In Reversal, Tennessee Bars Serving Infused Drinks Won’t Be Targeted

The ABC had planned to start enforcing a reinterpreted law from 2006 it said would require a distiller's license to make infused drinks, but the state's Hospitality Association among others argued the move threatened a key part of their industry. Credit Mike McCune / flickr

The ABC had planned to start enforcing a reinterpreted law from 2006 it said would require a distiller’s license to make infused drinks, but the state’s Hospitality Association among others argued the move threatened a key part of their industry. Credit Mike McCune / flickr

Tennessee’s Alcoholic Beverage Commission has decided not to begin enforcing its new interpretation of a rule it said meant bars couldn’t “infuse” liquors for flavor using other ingredients like fruit.  Some had feared the move would hurt restaurants serving drinks like margaritas and sangria, and a lawyer representing a couple national restaurant chains sent a letter challenging the commission’s interpretation of the 2006 last week.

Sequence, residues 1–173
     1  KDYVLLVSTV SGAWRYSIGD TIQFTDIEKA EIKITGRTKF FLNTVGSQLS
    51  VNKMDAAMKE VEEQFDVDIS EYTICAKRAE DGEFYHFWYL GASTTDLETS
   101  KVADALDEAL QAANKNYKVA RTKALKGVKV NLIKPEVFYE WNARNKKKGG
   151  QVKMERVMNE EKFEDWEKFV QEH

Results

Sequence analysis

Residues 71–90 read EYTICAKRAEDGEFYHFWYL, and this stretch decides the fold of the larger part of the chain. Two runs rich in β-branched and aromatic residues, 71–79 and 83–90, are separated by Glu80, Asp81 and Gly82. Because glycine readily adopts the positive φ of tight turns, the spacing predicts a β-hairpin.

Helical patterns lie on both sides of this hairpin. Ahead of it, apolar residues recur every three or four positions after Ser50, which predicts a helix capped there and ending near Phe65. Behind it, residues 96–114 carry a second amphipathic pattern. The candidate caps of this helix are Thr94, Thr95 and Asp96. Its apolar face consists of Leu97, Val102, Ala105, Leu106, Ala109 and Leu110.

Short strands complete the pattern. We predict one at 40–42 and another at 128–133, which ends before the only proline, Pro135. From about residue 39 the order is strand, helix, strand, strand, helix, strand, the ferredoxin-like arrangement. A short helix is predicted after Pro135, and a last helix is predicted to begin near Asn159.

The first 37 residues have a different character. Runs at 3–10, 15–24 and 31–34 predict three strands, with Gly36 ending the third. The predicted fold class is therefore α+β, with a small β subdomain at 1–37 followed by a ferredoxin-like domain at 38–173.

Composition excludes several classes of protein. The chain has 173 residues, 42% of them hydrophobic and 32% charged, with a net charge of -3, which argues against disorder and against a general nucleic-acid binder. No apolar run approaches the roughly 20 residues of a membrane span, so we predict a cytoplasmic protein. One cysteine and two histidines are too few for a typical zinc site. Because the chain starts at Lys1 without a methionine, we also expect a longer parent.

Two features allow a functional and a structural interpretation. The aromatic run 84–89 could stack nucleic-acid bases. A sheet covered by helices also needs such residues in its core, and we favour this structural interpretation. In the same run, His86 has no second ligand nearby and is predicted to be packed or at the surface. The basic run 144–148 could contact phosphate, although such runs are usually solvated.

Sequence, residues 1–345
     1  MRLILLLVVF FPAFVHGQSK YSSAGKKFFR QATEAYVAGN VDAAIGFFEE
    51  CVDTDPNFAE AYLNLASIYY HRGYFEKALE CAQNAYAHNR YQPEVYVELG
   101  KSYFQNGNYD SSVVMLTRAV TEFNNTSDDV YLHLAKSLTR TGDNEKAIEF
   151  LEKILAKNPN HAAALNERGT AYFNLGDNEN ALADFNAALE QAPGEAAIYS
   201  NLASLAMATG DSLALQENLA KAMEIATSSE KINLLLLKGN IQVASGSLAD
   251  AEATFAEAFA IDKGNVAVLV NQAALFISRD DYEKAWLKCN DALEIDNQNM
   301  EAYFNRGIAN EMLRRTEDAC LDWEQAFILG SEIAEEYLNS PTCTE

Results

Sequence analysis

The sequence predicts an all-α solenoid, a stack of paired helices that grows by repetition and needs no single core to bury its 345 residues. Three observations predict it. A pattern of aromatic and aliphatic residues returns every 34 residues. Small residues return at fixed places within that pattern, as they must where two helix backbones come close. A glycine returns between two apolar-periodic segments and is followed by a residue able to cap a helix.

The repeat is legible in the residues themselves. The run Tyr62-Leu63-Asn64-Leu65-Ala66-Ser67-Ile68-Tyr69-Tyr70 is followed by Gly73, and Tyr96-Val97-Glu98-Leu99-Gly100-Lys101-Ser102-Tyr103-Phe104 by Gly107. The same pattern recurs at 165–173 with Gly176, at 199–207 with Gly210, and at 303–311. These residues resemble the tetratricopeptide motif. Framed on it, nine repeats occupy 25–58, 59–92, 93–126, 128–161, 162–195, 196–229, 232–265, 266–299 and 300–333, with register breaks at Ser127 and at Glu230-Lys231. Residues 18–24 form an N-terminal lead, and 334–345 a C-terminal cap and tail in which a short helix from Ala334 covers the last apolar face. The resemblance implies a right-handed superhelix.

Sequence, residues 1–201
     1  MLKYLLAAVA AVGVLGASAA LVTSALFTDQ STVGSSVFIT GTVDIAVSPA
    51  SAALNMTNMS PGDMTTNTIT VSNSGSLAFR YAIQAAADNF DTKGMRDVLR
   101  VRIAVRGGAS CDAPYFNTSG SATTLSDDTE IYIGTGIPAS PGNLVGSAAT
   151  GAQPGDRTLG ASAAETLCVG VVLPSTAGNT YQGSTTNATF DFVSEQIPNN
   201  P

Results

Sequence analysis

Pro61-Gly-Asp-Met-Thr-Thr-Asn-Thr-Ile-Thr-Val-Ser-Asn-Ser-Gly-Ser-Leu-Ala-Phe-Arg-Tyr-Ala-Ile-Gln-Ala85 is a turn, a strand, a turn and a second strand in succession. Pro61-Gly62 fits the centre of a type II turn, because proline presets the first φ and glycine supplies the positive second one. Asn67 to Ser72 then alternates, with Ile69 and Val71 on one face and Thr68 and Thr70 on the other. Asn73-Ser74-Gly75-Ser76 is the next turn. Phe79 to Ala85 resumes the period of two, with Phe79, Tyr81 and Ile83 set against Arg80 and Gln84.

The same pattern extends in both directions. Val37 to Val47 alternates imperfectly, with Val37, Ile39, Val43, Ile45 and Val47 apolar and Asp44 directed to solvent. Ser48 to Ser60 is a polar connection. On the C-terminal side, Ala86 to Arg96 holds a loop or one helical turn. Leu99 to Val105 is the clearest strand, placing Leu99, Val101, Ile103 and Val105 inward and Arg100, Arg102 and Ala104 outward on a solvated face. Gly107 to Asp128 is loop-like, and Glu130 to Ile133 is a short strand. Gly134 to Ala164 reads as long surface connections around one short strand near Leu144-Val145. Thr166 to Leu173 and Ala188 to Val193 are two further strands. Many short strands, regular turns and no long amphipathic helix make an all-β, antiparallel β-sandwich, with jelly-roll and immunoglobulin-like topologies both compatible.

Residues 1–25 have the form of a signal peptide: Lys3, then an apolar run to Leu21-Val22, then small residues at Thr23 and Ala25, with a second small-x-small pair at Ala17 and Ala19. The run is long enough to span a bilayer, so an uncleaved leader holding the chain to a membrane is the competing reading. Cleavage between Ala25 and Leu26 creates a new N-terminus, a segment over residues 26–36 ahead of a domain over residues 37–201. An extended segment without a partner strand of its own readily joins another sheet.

Below is the statement from Keith Bell, the director of Tennessee’s Alcoholic Beverages Commission (bold is  WPLN’s):

Although the process of manufacturing infused alcoholic beverages, not for the consumer’s immediate consumption, by and on the premises of a Tennessee Alcoholic Beverage Commission (TABC) licensee’s on premises liquor by the drink restaurant remain violations of the Tennessee Code and TABC Rules, the TABC has nevertheless determined it to be in the public interest that the regulatory enforcement of this prohibition be indefinitely suspended in order to formulate workable guidelines and definitions so as to gauge the growing and changing taste and desires of the consuming public.


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